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Rithet's Bog LogoPoison Hemlock Alert

BARA Bugle (Broadmead Area Residents Association Newsletter),
Spring 2006 - Sharon Hartwell

Many people are aware of Giant Hogweed, the spectacular poisonous plant that Saanich Council recently listed under the Noxious Weeds Bylaw. But did you know about Poison Hemlock, the other, more toxic plant that was also added to the list? It is widespread in Greater Victoria and has been responsible for several deaths over the past twenty years. It grows at Rithet’s Bog, and has been observed at other locations in Broadmead.

How to recognize Poison Hemlock

Poison Hemlock (Conium maculatum), originally imported from Europe as a garden plant, is a member of the carrot family, like anise and dill. It produces rosettes of bright green, finely divided leaves in winter and spring, and then grows into a tall (up to 3 meters), multi-stalked plant with many clusters of tiny white flowers. Distinguishing features include purple blotches near the base of the hollow stems, and the noxious, acrid odor the plant produces when bruised or crushed. For photographs, please see http://www.psu.missouri.edu/fishel/poison_hemlock.htm

Toxicity and Treatment

All parts of this plant are poisonous: leaves, stems, roots, and fruits. It has been used as a poison since ancient times – Socrates was executed with a cup of Poison Hemlock tea. The active agents are volatile alkaloids, including coniine, which is curare-like, and acts by paralyzing the striated muscles. If a sufficient amount has been ingested, death takes place as a result of respiratory paralysis.

Poison Hemlock is so noxious tasting that an adult would not unintentionally consume enough to cause death. Unfortunately it is small children who are the usual victims; even a tiny piece of foliage eaten out of curiosity can be enough to cause serious poisoning. Treatment consists of stomach evacuation, and the administration of activated charcoal. In advanced cases, mechanical respiratory support may be necessary to prevent death.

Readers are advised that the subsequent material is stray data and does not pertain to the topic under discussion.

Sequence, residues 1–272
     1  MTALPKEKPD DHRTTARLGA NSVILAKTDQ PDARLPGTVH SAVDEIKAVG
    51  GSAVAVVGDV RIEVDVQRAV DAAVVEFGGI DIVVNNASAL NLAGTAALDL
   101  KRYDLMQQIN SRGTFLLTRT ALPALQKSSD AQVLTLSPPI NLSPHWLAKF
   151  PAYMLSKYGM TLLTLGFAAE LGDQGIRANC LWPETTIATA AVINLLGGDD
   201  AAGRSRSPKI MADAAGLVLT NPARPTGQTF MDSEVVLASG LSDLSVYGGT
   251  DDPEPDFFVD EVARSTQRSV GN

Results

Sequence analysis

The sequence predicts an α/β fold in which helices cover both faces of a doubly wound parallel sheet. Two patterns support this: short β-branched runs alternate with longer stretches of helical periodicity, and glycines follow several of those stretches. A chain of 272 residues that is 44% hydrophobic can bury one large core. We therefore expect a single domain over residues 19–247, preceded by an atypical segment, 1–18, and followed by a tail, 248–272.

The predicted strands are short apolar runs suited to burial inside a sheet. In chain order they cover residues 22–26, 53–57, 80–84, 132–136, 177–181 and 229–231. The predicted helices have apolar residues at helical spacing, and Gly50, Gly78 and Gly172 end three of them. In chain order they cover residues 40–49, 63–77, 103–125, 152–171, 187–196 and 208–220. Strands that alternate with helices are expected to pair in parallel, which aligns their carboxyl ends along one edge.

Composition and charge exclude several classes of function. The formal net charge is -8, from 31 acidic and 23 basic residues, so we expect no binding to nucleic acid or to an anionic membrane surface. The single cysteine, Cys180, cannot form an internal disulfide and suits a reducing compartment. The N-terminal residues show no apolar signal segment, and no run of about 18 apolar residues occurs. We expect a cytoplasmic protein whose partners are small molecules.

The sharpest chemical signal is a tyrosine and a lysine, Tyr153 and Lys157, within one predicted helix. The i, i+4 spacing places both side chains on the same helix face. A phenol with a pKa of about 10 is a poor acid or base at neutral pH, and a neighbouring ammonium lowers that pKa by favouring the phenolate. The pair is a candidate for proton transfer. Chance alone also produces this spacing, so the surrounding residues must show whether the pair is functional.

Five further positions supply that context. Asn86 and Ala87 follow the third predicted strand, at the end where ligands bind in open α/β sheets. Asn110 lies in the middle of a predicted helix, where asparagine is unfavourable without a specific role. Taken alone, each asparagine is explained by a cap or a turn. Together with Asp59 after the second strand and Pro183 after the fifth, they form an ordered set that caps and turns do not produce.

Poison Hemlock does not need to be eaten to cause toxic reactions. Rashes and asthma have been reported in sensitive individuals who touched the plant or inhaled its volatile oils.

Methods of control – what to do if you discover it

If you discover Poison Hemlock on your property, it should be removed as soon as possible. The rosettes, including the large parsnip-like root, are relatively easy to dig out. If the plant is larger, the entire mass must be dug, cut down and carefully disposed of, taking care not to spread seeds. The best method of disposal is to bag and seal the plants and place in the garbage. Composting is not recommended, since Poison Hemlock remains toxic for several years after being pulled. Burning is also discouraged, as the volatile oils may be toxic if inhaled. Please exercise care when working with Poison Hemlock! Protect your hands and skin with gloves, long sleeves and pants, and wash your hands carefully after handling any part of this plant.

Controlling Poison Hemlock at Rithet’s Bog

RBCS volunteers spend many hours removing Poison Hemlock from Rithet’s Bog. If you would like to assist, we would welcome your help at one of our monthly work parties. Volunteer work parties to pull broom and dig noxious weeds are held from September to June on the first Sunday of each month, 1-3 p.m. Meet at the Fir Glen Tree entrance. Please contact us at info@rithetsbog.org or 250-479-0491.

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